Adventures of Buffalo Bill from Boyhood to Manhood
CAPTURING A HERD PONIES.
WHILE at the fort the colonel in command complained at the non-
arrival of a drove of Government horses, as he was anxious to make a
raid into the Indian country, and Buffalo Bill volunteered to go and
hurry the cattle on.
He had been gone but a few hours from the fort when he crossed a
trail which he knew to have been made by a large Indian village on the
Cautiously he followed it, and just at sunset came insight of the
amp, pitched at the head of a valley, and saw below a large herd of
To return to the fort for aid he knew would take too long, so he
determined to make an attempt to capture the herd himself and, with his
field-glass carefully reconnoitered the surroundings as long as it was
He saw that the nature of the valley was such that the herd could
only escape by two ways, one through the Indian village and the other at
the lower end where he had observed four warriors placed as a guard and
"That is my quartette," he said to himself, and mounting Brigham
he began to make his way around to the lower end of the valley.
After an hour's ride he gained the desired point, and then set
down to work.
Carrying with him in case of need a complete Indian costume, he
was not long in rigging himself up in it and painting his face.
Then he left Brigham in a canyon near by and cautiously
approached the entrance to the valley, which was not more than two
hundred yards wide at this point.
Peering through the darkness he saw the four dark objects, about
equal distances apart, which he knew were the ponies of the four
warriors on guard, and that they were lying down near in the grass he
Getting past the line of herders he boldly advanced toward the
one nearest the hill on the left, and knew he would be taken for some
chief coming from the village and accordingly not dreaded.
It was just as he had expected: the Indian herder saw him coming
directly from the village, as he believed and did not even rise from the
grass as Buffalo Bill drew near.
With a word in Sioux Buffalo Bill advanced and suddenly threw
himself upon the prostrate warrior.
There was a short struggle, but no cry, as the scout's hand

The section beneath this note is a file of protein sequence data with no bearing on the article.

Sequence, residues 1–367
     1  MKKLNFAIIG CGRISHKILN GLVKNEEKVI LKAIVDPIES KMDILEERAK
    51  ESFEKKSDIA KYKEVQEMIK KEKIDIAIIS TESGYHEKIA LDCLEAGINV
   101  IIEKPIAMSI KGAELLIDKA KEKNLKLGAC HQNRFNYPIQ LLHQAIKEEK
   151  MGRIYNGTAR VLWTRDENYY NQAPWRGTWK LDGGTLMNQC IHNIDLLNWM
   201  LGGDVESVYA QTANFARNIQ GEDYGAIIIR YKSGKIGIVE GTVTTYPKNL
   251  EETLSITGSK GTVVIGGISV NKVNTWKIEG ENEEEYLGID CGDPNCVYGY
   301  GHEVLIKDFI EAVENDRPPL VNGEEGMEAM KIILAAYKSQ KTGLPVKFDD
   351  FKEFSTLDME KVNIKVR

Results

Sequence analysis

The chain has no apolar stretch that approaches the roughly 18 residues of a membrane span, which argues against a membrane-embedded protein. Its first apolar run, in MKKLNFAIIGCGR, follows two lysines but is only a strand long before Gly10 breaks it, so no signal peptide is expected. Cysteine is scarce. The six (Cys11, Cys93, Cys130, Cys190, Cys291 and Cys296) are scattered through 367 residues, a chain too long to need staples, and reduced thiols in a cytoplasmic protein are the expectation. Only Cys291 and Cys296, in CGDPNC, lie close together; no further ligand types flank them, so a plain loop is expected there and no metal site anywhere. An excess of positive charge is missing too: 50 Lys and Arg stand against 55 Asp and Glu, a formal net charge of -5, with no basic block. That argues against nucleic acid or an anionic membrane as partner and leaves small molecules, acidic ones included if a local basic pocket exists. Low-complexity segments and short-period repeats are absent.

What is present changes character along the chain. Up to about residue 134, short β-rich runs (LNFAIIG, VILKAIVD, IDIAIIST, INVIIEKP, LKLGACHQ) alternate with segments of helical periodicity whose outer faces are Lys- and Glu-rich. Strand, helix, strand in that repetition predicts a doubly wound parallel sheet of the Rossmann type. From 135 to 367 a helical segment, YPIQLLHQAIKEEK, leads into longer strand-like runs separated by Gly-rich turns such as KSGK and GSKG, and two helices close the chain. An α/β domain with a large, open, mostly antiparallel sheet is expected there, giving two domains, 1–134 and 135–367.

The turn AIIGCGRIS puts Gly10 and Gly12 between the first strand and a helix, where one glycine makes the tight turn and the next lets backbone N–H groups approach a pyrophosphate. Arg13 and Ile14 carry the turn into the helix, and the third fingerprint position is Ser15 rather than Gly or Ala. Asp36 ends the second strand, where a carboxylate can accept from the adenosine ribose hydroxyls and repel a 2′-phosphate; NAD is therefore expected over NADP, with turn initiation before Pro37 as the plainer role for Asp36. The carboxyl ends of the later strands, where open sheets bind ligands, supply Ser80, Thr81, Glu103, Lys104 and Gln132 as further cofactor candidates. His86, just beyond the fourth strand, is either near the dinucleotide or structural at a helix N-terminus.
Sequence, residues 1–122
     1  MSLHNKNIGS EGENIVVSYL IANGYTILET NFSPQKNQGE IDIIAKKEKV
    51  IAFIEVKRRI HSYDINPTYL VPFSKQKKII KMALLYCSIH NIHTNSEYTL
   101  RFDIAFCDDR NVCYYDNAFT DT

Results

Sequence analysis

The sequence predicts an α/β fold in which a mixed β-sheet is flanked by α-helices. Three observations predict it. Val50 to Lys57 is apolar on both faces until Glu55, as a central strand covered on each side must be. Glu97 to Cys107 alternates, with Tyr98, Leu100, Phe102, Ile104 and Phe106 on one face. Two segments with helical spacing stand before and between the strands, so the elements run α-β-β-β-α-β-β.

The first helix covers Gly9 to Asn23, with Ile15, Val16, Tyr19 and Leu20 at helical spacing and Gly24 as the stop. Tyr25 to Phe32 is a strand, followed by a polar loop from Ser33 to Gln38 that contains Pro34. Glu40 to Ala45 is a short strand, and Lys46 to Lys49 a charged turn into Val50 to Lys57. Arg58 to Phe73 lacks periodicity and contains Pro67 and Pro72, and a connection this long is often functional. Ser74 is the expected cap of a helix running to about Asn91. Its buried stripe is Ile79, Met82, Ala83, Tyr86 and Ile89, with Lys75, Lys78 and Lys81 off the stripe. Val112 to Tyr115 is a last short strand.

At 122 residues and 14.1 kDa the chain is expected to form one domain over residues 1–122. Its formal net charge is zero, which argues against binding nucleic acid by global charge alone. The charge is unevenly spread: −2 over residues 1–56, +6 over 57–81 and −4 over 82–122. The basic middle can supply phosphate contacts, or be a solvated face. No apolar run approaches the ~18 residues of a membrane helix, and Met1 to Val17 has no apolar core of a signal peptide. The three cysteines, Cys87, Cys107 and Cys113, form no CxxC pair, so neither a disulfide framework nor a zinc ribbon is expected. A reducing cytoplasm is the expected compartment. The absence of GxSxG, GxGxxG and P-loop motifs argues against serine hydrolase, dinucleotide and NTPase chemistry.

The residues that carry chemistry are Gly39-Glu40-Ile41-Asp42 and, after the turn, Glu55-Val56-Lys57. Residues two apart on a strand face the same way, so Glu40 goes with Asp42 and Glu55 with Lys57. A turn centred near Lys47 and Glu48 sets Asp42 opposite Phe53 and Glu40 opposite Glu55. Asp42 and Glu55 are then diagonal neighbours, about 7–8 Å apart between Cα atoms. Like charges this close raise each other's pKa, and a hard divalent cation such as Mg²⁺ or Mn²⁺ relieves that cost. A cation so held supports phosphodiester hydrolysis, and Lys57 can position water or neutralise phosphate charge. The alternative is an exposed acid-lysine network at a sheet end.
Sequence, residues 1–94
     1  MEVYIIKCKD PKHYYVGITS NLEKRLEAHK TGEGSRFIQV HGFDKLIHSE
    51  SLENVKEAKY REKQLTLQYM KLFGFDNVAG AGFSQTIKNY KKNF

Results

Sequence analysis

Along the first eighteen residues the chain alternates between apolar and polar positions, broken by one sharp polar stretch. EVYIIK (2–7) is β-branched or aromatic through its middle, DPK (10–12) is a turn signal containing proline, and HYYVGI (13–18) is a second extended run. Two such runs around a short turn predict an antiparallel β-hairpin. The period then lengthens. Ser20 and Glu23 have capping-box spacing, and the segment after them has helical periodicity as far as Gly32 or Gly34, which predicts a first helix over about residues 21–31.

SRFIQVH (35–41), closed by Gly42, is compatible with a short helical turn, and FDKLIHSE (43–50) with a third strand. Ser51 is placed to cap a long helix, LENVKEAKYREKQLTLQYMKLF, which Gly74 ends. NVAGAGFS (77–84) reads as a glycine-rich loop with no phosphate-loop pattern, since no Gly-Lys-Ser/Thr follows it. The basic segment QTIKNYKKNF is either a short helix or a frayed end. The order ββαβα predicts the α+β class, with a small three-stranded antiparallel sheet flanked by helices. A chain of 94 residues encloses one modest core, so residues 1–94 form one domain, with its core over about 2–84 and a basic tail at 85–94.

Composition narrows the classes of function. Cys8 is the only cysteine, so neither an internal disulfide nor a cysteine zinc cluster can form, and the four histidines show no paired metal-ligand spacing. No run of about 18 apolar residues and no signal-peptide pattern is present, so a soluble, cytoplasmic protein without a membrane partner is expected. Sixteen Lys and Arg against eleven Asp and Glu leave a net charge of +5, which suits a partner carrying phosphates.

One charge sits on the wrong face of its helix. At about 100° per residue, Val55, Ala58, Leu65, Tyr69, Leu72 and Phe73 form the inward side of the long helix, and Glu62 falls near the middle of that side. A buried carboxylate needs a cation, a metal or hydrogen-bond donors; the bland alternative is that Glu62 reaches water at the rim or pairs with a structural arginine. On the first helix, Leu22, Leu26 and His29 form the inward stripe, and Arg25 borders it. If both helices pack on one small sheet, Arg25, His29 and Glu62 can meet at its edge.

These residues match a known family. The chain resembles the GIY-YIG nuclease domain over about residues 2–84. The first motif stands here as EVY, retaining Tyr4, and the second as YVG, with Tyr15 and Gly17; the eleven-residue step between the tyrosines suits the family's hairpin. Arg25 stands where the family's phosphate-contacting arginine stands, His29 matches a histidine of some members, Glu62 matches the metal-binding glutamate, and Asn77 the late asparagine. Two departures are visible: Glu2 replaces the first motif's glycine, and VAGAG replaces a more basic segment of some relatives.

grasped the red-skin's throat, and then all was still, the Indian pony
lariated near, not even stopping his grazing.
Throwing the red-skin's blanket over his body, Buffalo Bill moved
away a few paces to where the pony stood, and called to the next herder
in the Sioux tongue to come to him.
The unsuspecting warrior obeyed, and the next instant found
himself in a gripe of iron and a knife blade piercing his heart.
"This is red work, but it is man to man and in a few days the
whole band would make a strike upon the settlements," muttered the scout
as he moved slowly toward the position his enemy had left at his call.
As he reached the spot he saw the third warrior standing on his
post and boldly walked up to him, when again the same short, fierce,
silent fight followed and Buffalo Bill arose from the ground a victor.
The fourth, and only remaining guard he knew was over under the
shadow of the hill, and thither he went.
Arriving near he did not see him, and looking around suddenly
discovered him asleep at the foot of a tree.
"I'd like to let you sleep, Mr. Red-skin, but you'd wake up at
the wrong time, so you must follow your comrades to the happy hunting
grounds," he muttered as he bent over and seized the throat of the
Indian in his powerful grip.
The warrior was almost a giant in size, and he made a fierce
fight for his life.
But the iron hold on his throat did not relax and at last his
efforts ceased and his grasp upon the scout, which had been so great he
could not use his knife, weakened and there was no more show of
Then not an instant did Buffalo Bill tarry, but went up the
valley, rounded up the herd of horses and quickly drove them away from
the village, in which he knew slept half a thousand warriors.
Slowly he moved the large brute mass, and they went toward the
mouth of the valley and were soon out upon the prairie. Their mounting
Brigham he urged them on until out of hearing of the camp, when he
headed them for the fort.
It was a hard drive and taxed both Brigham and his rider
fearfully; but at last the herd was driven to a good grazing place a few
miles from the fort and Buffalo Bill left them and rode rapidly on, and
just at down reported his valuable capture and that the same horse could
be used in an attack upon the Indian camp.
The colonel at once acted upon his suggestion; the cavalryman
who had no horses, loaded with their saddles, bridles and arms, went at
a quick march to the grazing place of the horses, and ere the day was
three hours old three hundred men were mounted and on the trail for the
red-skin village, while the remainder of the ponies were driven to the
Deprived of the greater part of their horses, the red-skins could
march but slowly; but they were in full retreat when Buffalo Bill led
the command in sight of them, and though the dismounted warriors fought
bravely, they were severely whipped and all their village equipage
captured or destroyed, while instead of attacking the white settlements
as they had intended, they were glad enough to beg for relief.
This gallant act made the name of Buffalo Bill, or Pa-e-has-ka
(Long Hair) as they called him, known to every Indian on the north-west
border, and they regarded him with the greatest terror, while it made
him an idol among the soldiers.